American Psychological Foundation Staff
Elisabeth R. Straus
Executive Vice President/Executive Director
Elisabeth Straus became APF's first executive director in 1991 when the organization had assets of less than $990,000. The organization has since grown into a thriving $15 million foundation. Prior to her position with the foundation, Ms. Straus had a long career as an educator and writer. Previously, she was director of communications and student placement at the Human Resources Research Organization's Technical Education Center in Washington, D.C. As a researcher for the National Federation of Business and Professional Women's Clubs in 1980, she provided position papers and background information to the White House on the Equal Rights Amendment. Ms. Straus serves on the Board of Trustees for the Kingsbury Center in Washington, D.C., a nonprofit educational organization devoted to the success of children with learning disabilities. Ms. Straus graduated magna cum laude, Phi Beta Kappa from the University of Pennsylvania and received a Master of Arts from the University of Wisconsin at Madison.
Idalia Ramos is responsible for managing the administration and finances of the foundation and overseeing APF's communications. Ms. Ramos has previously overseen the APF's fundraising and been responsible for managing APF's funding programs. Prior to joining APF in 2005, she was at Grantmakers for Effective Organizations, an association of philanthropic organizations. Her responsibilities there included developing and managing program content, and planning conferences and workshops on knowledge management, organizational learning and evaluation in philanthropy. Previously, Ms. Ramos worked at DDB Bass & Howes, a public policy, communications and public relations consulting firm specializing in women's and social issues, and as a consultant in international and domestic health care and insurance markets. Ms. Ramos received a bachelor's degree in psychology from Yale University and a Master of Public Policy with a concentration in culture, values and social policy from George Mason University.
Kim Palmer Rowsome
Senior Development Officer
Kim Palmer Rowsome is responsible for APF's fundraising activities. Formerly she was APF's program director, where she managed the scholarship, fellowship, grant and award programs. Prior to joining APF, Ms. Rowsome was a research assistant for the Department of Public and International Affairs at George Mason University while attending graduate school full time. Previously Ms. Rowsome worked at Beacon House, a community-based organization, as the education director, where she developed and implemented educational programming for at-risk youth. Ms. Rowsome received a bachelor's degree in family studies from the University of Maryland, College Park, and a Master of Public Administration with a concentration in nonprofit management from George Mason University.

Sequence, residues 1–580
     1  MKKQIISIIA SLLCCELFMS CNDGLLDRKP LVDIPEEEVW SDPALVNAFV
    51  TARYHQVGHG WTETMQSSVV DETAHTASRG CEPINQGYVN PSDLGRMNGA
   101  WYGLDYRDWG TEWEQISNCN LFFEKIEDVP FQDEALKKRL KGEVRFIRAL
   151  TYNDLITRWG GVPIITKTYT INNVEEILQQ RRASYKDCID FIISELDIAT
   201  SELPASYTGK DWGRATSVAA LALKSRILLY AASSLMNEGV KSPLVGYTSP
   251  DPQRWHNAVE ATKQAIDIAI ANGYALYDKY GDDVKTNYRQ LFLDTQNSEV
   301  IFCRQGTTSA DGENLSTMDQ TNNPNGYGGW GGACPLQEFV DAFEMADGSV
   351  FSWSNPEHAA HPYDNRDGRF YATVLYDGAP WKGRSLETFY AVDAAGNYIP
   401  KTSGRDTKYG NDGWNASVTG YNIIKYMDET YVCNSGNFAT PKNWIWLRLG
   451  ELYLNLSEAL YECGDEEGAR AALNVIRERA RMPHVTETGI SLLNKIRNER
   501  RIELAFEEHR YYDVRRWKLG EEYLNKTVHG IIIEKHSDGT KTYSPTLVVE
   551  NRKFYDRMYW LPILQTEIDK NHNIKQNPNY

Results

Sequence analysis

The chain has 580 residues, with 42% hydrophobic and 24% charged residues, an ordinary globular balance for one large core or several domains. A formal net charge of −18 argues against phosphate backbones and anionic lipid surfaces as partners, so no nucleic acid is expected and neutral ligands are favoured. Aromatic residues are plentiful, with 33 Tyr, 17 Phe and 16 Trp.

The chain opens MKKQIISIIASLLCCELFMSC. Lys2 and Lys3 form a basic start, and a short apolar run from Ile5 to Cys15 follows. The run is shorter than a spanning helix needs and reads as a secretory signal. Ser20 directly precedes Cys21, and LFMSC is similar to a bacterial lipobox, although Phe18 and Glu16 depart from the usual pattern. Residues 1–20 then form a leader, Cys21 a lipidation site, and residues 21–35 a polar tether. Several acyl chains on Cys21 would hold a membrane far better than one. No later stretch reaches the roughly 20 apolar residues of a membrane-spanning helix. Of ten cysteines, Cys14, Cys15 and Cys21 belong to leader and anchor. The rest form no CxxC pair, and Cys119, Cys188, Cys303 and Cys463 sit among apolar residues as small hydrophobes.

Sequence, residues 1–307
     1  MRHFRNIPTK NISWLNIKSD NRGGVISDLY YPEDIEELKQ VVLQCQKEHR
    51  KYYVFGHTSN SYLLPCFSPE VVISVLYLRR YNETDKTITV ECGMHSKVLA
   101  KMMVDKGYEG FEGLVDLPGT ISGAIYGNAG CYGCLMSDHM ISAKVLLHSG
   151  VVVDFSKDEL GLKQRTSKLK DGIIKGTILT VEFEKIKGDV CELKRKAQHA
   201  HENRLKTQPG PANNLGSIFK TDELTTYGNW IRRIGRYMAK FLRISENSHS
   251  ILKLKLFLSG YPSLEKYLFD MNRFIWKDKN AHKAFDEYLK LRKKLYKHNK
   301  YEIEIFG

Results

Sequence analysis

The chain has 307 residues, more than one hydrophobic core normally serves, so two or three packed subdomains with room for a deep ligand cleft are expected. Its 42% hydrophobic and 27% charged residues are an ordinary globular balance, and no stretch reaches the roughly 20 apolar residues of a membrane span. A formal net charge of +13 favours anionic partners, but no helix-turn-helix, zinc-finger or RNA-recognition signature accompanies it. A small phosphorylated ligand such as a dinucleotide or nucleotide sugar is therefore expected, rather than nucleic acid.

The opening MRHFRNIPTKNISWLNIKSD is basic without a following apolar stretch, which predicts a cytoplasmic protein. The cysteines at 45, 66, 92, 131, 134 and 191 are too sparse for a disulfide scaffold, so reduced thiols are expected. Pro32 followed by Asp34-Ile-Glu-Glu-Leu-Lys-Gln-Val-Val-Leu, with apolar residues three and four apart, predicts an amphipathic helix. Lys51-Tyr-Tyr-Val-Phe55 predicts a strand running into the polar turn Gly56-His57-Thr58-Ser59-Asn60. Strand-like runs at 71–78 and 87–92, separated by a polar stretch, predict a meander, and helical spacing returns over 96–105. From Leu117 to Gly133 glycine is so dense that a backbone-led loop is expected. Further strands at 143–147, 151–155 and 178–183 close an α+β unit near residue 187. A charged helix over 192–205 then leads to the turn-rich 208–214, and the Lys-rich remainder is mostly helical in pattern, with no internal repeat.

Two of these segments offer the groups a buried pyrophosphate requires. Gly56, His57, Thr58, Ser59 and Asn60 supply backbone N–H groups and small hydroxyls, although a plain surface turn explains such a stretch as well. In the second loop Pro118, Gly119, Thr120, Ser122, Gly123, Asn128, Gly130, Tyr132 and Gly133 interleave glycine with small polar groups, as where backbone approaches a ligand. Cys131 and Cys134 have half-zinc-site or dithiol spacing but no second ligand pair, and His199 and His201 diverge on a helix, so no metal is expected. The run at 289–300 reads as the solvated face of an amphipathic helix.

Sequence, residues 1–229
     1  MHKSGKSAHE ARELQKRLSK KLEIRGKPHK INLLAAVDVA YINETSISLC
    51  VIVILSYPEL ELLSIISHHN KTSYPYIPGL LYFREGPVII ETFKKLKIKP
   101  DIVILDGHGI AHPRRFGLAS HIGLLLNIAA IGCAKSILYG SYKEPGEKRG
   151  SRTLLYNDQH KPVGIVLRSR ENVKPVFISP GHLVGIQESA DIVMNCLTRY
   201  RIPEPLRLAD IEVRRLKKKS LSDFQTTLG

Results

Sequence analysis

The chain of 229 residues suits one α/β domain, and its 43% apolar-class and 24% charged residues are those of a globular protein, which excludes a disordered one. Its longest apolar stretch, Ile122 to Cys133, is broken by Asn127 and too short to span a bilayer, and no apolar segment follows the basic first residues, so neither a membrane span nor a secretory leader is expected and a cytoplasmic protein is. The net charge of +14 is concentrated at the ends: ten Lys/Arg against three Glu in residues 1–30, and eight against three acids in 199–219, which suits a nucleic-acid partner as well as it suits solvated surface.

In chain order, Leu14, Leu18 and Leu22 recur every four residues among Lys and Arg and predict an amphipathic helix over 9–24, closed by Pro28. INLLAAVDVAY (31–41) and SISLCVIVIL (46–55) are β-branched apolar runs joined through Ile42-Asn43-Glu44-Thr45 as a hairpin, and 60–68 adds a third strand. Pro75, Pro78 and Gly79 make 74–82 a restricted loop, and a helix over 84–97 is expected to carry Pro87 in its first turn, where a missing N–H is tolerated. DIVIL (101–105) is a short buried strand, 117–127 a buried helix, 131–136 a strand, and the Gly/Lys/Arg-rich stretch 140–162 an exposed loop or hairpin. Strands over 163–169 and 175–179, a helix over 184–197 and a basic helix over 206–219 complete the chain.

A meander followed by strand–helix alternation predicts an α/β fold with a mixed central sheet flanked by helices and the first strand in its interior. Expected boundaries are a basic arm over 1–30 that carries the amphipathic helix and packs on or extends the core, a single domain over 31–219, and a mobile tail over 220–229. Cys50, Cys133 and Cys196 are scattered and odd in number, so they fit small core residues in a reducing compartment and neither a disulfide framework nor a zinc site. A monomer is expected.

Senior Development Coordinator
Claire Meaney is primarily responsible for maintaining APF’s donor database by updating donor records, conducting donor research, handling correspondence, and processing donor contributions. She also assists with event coordinating and fundraising strategies, as well as writing and editing articles for APF related publications. Prior to joining APF, Ms. Meaney interned with the Mental Health Program at the Carter Center where she assisted with all aspects of program initiatives, including the annual symposium, "Journalism Fellowships," and public events. Ms. Meaney received a bachelor’s degree in psychology from the University of St. Andrews in Scotland, and studied for a year at Emory University, Atlanta, as part of the Robert T. Jones Jr. Memorial Scholarship.
Samantha Edington began working at APF as a program coordinator in September 2011 after graduating from the University of Virginia in 2010 with a BA in psychology. While in school, she conducted several independent quantitative psychology projects, and presented a poster at the L. Starling Reid Undergraduate Research Conference. Samantha also worked as a research assistant for Behavioral Health and Technology (BHT), a small research group within the University of Virginia Health System’s Department of Psychiatry and Neurobehavioral Sciences. After graduating in December 2010, Samantha continued working at BHT and coordinated a national online clinical trial of an Internet intervention designed to treat pediatric encopresis. She also assisted with the development of a national trial to treat insomnia using SHUTi, an Internet intervention based on cognitive behavioral therapy.